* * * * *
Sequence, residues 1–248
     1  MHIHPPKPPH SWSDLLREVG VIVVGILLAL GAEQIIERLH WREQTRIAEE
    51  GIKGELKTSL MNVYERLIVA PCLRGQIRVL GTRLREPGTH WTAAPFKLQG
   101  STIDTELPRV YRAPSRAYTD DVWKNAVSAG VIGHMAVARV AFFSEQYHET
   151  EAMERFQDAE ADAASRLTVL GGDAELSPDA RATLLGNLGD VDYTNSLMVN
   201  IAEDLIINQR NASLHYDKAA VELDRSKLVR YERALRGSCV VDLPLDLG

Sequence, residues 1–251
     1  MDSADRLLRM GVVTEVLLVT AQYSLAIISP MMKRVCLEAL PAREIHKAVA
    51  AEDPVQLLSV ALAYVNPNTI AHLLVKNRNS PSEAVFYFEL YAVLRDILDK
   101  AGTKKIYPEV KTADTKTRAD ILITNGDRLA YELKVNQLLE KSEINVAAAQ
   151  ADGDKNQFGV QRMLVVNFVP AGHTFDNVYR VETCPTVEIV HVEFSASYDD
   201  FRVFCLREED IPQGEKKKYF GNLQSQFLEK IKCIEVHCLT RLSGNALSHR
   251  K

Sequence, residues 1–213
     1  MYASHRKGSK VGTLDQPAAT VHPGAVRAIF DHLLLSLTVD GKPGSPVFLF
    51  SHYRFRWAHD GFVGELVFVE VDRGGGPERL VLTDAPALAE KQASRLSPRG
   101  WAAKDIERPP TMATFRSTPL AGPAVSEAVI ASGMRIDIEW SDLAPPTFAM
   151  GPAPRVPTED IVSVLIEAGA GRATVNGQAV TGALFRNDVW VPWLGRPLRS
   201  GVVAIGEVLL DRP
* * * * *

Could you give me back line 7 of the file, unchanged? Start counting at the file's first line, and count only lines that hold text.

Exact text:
Sequence, residues 1–251